On April 13, 2012, about 1330 eastern daylight time, an experimental, light sport Zodiac XL airplane, N4337G, performed a forced landing in a field after a loss of engine power near Medina, Ohio. The private rated pilot, the sole occupant, received minor injuries and the airplane sustained substantial damage. The airplane was registered to and operated by a private individual under the provisions of 14 Code of Federal Regulations Part 91 as a personal flight. Day visual meteorological conditions prevailed and no flight plan was filed. The airplane departed the Columbia Airport (4G8), Columbia Station, Ohio, at 1330, and was flying to the Medina Municipal Airport (1G5), Medina, Ohio. Use your browsers 'back' function to return to synopsisReturn to Query Page
The pilot reported that during the flight everything was normal and then the engine momentarily lost power, before the engine stopped. The pilot turned on the carburetor heat and changed fuel tanks by switching the fuel selector valve from both to the left and then to the right tank. The pilot added that the fuel pressure gauge normally reads 5 pounds of pressure, but it indicated zero. The engine did not respond, so he elected to conduct a force landing in a nearby field.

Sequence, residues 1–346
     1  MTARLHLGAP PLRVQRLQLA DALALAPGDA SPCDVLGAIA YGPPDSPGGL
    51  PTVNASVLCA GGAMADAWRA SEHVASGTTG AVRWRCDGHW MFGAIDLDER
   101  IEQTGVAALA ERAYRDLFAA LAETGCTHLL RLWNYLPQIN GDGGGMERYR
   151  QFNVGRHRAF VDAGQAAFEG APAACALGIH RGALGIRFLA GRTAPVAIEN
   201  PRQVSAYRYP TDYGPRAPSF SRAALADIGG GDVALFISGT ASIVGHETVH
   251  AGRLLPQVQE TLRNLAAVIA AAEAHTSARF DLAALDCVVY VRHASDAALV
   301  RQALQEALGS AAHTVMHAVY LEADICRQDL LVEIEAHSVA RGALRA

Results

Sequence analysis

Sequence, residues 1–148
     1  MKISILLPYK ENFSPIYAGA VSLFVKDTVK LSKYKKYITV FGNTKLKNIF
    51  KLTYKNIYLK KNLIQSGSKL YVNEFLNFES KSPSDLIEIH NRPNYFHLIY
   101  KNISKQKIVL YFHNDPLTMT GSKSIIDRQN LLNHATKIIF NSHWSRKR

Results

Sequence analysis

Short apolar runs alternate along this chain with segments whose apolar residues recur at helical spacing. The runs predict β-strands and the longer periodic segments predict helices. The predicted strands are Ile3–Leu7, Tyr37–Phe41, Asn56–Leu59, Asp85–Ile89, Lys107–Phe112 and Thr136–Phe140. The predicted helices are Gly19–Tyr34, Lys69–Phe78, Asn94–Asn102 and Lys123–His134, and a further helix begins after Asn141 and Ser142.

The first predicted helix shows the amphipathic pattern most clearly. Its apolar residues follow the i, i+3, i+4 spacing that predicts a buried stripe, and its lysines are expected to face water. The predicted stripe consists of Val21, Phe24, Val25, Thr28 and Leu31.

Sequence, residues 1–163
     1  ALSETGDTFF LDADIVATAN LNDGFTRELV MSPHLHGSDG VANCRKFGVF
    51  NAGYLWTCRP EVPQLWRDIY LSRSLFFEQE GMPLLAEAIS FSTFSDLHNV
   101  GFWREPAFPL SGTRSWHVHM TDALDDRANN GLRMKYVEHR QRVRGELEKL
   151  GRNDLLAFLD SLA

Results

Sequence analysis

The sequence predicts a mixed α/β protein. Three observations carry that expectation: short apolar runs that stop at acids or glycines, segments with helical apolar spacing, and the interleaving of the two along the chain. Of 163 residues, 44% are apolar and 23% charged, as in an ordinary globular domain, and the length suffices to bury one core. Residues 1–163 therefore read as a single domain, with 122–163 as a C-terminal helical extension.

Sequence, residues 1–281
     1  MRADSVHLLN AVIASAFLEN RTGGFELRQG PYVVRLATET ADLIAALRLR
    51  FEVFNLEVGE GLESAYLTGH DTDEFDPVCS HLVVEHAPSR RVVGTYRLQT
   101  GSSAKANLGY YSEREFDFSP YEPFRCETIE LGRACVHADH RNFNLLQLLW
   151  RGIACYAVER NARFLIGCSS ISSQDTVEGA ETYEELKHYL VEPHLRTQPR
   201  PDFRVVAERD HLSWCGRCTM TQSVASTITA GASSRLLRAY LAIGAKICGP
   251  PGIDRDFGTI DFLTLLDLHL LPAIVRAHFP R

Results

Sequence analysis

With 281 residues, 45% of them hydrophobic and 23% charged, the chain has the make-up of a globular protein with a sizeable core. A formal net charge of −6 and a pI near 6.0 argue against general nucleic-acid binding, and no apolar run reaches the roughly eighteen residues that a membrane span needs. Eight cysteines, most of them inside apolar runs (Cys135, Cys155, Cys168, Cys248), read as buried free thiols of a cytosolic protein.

The responding Federal Aviation Administration inspector reported that the airplane nose gear collapsed during the forced landing, and that substantial damage was done to the firewall and minor damage to the airplane’s wing. He added that a visual exam of the engine did not reveal any pre-impact abnormalities.
The pilot/owner reported that after the airplane had been recovered and in preparing the airplane for repair, that he and an aircraft mechanic found a crack in a fuel line. The pilot added that with a crack in the fuel line, the fuel pump could not properly draw fuel from the fuel tank.